The cambial zone variability (width, number of cells) is depicted in Fig. 1. With respect to warm April (tem- peratures > 8°C) and considerable supplies of physiologi- cally available water, the activity of cambium was started already before the first sampling, i.e. 27 April. The start of cambial activity is related to the observation of the first differentiating cells. At the end of April, on average 6.66 radially enlarging cells were already observed. On 27 April 1998, mean number of cells in the cambial zone amounted to 4.36 (width 21.33 µm) gradually increasing both in terms of the number of cells and the cambial zone width. The number of cells reaches its maximum 5.57 at the end of August, maximum width 26.36 µm of the cam- bial zone was observed at the end of July. Then, a slight decrease follows down to values found in the spring period at the beginning of the cambial activity. At the end of October (27 October), 4.65 cells 21.49 µm in width occur in the cambial zone. The termination of cambial activity refers to a date when no wood increment was noticed. In our case, cambium finished its activity in the period from the end of September to October. With respect to monthly sampling, it is not possible to determine the time exactly (on 28 September, 0.4 maturing cells were found in CD and SD trees). The prolongation of cambial activity can be related to the rich supply of soil water under condi- tions of the floodplain forest. In the period of dormancy, mean number of cells in the cambial zone amounted to 4.2–4.6 (width 20.48 µm). The values given above are, however, subject to certain inaccuracies with respect to the often rupture of a preparation just in the region of a cambial zone.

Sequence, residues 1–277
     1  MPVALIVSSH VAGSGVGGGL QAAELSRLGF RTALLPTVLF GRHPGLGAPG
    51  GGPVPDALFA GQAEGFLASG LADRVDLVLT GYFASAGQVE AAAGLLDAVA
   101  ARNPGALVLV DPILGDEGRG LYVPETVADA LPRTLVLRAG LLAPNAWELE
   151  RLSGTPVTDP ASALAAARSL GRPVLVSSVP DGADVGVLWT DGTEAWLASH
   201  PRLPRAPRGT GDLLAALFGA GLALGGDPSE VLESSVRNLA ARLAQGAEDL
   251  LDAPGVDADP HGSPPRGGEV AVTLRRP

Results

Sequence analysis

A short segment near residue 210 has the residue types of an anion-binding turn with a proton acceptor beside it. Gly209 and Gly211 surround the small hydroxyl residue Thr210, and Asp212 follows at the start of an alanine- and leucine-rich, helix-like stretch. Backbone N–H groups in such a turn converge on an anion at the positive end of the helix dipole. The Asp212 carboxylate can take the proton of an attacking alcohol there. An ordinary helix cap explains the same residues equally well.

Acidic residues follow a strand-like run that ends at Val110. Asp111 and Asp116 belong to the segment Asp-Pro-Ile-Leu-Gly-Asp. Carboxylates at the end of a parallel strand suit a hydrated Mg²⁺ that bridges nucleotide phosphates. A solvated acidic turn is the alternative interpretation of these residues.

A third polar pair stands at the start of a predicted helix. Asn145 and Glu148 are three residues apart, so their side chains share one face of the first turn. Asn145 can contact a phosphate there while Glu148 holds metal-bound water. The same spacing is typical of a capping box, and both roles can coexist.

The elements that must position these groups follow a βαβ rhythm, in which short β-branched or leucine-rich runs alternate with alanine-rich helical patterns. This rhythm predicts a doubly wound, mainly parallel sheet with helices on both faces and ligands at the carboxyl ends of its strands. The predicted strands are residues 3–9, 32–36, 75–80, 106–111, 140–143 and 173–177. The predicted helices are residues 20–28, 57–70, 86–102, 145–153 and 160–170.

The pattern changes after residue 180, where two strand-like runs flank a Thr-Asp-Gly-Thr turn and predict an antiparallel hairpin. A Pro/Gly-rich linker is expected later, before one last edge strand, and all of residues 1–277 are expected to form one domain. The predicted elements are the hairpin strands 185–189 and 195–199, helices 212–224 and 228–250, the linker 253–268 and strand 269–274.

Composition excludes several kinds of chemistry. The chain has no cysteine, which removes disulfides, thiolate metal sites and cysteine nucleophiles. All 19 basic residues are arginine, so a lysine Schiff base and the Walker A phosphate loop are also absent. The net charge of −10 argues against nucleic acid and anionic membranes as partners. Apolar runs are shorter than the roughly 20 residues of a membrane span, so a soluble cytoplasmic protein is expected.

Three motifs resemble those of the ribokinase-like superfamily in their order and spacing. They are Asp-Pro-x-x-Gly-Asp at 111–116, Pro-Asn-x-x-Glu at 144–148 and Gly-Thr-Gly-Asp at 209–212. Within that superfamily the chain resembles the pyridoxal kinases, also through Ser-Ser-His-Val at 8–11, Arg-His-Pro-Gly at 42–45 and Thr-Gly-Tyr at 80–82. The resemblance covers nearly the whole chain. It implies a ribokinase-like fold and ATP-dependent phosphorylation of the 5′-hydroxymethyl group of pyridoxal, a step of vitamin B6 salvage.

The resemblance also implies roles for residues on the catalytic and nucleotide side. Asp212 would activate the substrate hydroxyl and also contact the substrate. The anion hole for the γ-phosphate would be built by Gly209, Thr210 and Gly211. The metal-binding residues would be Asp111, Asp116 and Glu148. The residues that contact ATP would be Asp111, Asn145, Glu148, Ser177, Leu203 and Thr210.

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ABSTRACT : Energy exchange above the floodplain forest and spruce monoculture ecosystems was measured in Moravia in 1988

ABSTRACT : Energy exchange above the floodplain forest and spruce monoculture ecosystems was measured in Moravia in 1988

The following variables were measured: global solar radiation (using a SCHENK pyranometer, type 8101, Vienna, Austria, for incident and reflected radiation), net all-wave radiation balance (using a SCHENK thermocou- ple net radiometer, type 8111), albedo, air temperature and humidity (with electrically ventilated psychrometers THIES [Göttingen, Germany] with glass Pt 100 electrical resistance thermometers). All the sensors were located at the height of 40.5 meters above the ground surface (ap- proximately 9 m above floodplain forest and 12 m above spruce monoculture canopies) on a steel tower. Air tem- perature and humidity were also measured on the same tower at 31.5 m above the ground (9 m below the upper sensor level) in the floodplain forest and 28.5 m above the ground (12 m below the upper sensor level) in the spruce monoculture. Additional air temperature was measured at 2 m above the ground within the forest (non-aspirated ceramic Ptk 100 electrical resistance thermometer, ZPA Nová Paka, Czech Republic) in a conventional meteo-in- strument weather shelter. Soil temperature was measured at 5 and 15 cm depths (ceramic Ptk 100 electrical resist- ance thermometer). Soil heat flux was measured at the 10 cm depth (heat flux plate 100 × 75 mm DRUTĚVA Brno, Czech Republic, horizontally located in the ground). All data were recorded by a datalogger (EMS Brno, Czech Republic) at one-hour intervals during the whole growing season. 97 days over the vegetation season were usable in the floodplain ecosystem, in the case of spruce forest it was 14 days only from the beginning season. To keep to task comparability of measurements we choose a simulta- neous period of the first half of June in both the years.